The besties review
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I mean, this is just a straight up classic. As is the case with all the movies I watch for my 5 Film Film Festival project, I had never seen Frankenstein before. And yet, I felt like I had already seen it a million times. Is it predicable? Yes, but it is predictable in a really satisfying, almost nostalgic way. And I’m not sure who needs to hear this, but Boris Karloff gives a truly iconic performance as Frankenstein’s Monster. There are many things that make this movie a horror classic, but it starts and ends with Karloff.
The best things about The Mummy are its atmospheric qualities— the music, Egyptian imagery, and even the idea of the curse itself set the audience up for a spooky adventure that never comes to fruition. The opening scene (which I realized I had seen somewhere before, perhaps in my Gothic Lit class) was probably my favorite part of the whole film, but everything after that ten year time jump just sort of fell flat. I know this isn’t considered one of the better entries in the Universal Classic Monsters franchise, but I was still hoping it would turn out to be a misunderstood gem. Alas, it was not!
The Invisible Man
So happy to finally see this! It’s a bit weird how Jack Griffin just goes from wanting to find a cure to wanting to use his invisibility to become a murderer, but it was campy as hell and really fun! Obviously the crowning achievement of this movie is the visual effects. I was a bit disappointed when he was first seen without his face mask on (in the scene when he was eating), but every effect after that just got better and better! By the time he escaped The Lion’s Head Inn, I had fully bought into the idea that he was invisible under those robes. Though I don’t think this will end up being my favorite Universal Classic Monster movie, I do feel that it has the potential to grow on me with more rewatches. Definitely try and catch this one if you can!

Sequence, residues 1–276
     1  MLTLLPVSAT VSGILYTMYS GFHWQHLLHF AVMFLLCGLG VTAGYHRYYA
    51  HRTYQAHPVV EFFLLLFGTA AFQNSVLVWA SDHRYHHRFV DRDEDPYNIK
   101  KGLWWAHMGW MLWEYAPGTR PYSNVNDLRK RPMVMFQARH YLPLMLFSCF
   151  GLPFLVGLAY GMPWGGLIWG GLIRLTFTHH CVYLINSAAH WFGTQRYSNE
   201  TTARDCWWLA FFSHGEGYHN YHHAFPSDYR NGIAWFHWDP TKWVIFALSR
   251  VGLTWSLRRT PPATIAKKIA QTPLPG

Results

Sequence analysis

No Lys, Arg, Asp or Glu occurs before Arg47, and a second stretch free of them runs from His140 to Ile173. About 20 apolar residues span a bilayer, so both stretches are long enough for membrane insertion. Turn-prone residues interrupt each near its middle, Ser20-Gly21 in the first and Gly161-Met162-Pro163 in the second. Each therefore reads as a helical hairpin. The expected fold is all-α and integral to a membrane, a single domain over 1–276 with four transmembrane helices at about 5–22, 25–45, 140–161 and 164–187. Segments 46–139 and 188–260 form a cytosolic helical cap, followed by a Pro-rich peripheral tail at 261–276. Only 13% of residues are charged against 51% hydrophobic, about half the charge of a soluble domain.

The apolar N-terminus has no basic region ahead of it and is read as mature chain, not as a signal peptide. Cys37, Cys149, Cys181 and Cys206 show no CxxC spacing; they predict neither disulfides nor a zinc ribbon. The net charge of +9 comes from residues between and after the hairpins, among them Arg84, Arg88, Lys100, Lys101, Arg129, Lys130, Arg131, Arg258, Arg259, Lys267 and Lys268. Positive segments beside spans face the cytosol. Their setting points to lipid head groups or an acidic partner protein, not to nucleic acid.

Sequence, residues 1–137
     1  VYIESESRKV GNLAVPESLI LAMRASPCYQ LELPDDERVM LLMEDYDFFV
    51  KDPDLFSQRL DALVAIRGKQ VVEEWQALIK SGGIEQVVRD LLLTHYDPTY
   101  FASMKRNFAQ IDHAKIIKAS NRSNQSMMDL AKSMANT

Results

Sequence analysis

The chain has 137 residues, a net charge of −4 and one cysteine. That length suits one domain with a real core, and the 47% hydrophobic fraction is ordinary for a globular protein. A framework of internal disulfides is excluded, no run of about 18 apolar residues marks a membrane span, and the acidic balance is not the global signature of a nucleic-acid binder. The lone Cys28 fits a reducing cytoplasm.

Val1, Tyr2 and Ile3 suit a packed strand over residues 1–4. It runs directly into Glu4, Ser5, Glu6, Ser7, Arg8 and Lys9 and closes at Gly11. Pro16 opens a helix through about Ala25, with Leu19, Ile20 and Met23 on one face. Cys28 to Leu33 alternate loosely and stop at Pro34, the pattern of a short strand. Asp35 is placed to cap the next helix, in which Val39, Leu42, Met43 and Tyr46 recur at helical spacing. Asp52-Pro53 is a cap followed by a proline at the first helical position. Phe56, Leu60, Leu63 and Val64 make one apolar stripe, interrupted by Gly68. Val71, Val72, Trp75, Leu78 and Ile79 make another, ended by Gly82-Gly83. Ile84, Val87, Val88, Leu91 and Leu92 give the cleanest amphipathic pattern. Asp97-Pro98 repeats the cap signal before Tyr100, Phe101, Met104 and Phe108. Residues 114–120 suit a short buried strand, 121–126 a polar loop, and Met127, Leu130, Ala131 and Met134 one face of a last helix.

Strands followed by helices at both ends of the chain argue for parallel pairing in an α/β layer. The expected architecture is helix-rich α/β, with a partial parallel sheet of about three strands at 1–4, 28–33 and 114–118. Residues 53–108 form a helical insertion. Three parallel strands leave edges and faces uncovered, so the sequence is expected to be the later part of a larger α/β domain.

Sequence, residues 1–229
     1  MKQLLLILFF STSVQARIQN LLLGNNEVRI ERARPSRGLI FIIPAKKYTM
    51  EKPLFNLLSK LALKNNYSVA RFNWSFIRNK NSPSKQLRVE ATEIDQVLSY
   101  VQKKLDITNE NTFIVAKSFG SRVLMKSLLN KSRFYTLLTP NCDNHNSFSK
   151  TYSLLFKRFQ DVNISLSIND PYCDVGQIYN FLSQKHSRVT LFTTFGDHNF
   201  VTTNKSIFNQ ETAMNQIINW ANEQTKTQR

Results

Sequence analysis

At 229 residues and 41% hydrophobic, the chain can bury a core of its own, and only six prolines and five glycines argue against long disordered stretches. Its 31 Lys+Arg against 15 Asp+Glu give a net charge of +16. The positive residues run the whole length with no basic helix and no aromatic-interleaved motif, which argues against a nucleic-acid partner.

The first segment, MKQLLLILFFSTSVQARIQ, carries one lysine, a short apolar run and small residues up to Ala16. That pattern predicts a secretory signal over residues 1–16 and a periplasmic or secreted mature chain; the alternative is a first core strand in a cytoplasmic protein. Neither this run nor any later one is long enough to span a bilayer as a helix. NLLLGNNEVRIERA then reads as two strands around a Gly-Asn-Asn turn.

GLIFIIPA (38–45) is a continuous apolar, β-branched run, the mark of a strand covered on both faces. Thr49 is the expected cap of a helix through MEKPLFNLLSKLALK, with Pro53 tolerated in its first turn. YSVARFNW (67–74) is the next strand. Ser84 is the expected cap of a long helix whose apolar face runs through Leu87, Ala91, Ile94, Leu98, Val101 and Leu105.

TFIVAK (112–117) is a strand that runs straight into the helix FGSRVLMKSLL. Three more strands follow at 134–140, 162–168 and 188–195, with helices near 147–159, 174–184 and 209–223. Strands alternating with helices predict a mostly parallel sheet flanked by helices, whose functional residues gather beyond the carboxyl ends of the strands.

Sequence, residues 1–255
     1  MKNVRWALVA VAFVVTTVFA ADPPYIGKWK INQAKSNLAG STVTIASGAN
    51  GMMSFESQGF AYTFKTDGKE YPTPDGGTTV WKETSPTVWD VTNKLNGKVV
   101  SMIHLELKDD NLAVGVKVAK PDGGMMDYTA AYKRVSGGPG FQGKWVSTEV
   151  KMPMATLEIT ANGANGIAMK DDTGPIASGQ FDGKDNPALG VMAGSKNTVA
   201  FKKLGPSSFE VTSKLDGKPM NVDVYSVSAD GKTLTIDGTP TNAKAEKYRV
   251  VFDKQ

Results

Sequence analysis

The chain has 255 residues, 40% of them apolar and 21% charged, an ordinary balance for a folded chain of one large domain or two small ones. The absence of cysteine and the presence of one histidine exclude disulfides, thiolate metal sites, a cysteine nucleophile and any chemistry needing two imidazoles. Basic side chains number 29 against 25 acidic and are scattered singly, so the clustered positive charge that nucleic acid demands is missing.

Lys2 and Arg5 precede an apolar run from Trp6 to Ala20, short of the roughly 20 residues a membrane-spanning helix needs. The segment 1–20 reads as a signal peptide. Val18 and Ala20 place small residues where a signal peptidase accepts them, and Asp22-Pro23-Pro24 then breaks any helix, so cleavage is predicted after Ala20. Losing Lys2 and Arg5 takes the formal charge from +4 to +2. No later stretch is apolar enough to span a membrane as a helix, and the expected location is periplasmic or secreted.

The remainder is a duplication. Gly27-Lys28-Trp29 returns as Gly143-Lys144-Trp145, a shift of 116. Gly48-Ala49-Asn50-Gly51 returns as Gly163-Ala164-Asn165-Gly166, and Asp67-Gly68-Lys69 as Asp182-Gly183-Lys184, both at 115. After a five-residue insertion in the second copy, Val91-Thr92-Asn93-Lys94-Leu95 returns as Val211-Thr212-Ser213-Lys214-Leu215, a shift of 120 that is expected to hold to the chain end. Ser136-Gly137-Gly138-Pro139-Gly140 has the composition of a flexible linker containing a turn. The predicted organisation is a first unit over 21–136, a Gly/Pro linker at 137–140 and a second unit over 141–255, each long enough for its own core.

The Bride of Frankenstein
I LOVE that they begin the movie with Mary Shelley, her husband Percy, and Lord Byron. It’s such a little detail and a short scene, but it ties back to the true origins of Shelley’s Frankenstein novel in a really cool way.
But beyond that, I think it goes without saying that The Bride of Frankenstein might be the crown jewel of the Universal Classic Monster franchise. Despite the fact that the film barely features its titular Bride, the added time we get with Karloff’s iconic monster is extremely rewarding. Karloff’s character has always been portrayed as a misunderstood beast thanks to the little girl scene from the first film, but the sequel successfully furthers his character’s emotional journey.
Compared to its predecessor, The Bride of Frankenstein is the more lighthearted, emotionally developed, and humorous take on Shelley’s classic character, and it may even be the reason why Frankenstein has remained one of the most memorable characters in cinema history. Though I would’ve loved to see more of the Bride (especially since her arrival in the final scene is as electric as any horror movie introduction), there is something undeniably satisfying about James Whale’s continuation of the Frankenstein story.
The Wolf Man
Though The Wolf Man was just as boring as The Mummy, it really didn’t have anything interesting about its concept, performances, or atmosphere. I know some people may like Lon Chaney’s performance, but for me he was just a bit dull and kinda creepy. There’s nothing straight-up bad about this movie (other than the gypsies maybe), but there’s nothing particularly great about it either. If I had to point to a few high points, I think the special effects makeup and score were both pretty good, especially for the time it was made— but that’s true of nearly every one of these Universal Classic Monster flicks, so the point is moot!
What is 5 Film Film Festival (5FFF)?
In short, 5 Film Film Festival is an ongoing personal project to help me watch more classic films. For each mini “festival,” I will choose a random theme (be it a genre, actor, director, etc.) and curate five movies that fit that theme to watch for the first time. When I started this journey, I posted my brief, unpolished thoughts on Letterboxd. I like this more informal, less pretentious mode of watching older movies, so as I begin documenting the project here on the site, don’t expect a lot of in-depth analysis— every “review” will read more like a “first reaction.”
If you’re like me, and you have more than a few blind spots in your cinematic knowledge, then consider joining me on this lifelong endeavor. Watch along, recommend themes, and organize some mini festivals of your own!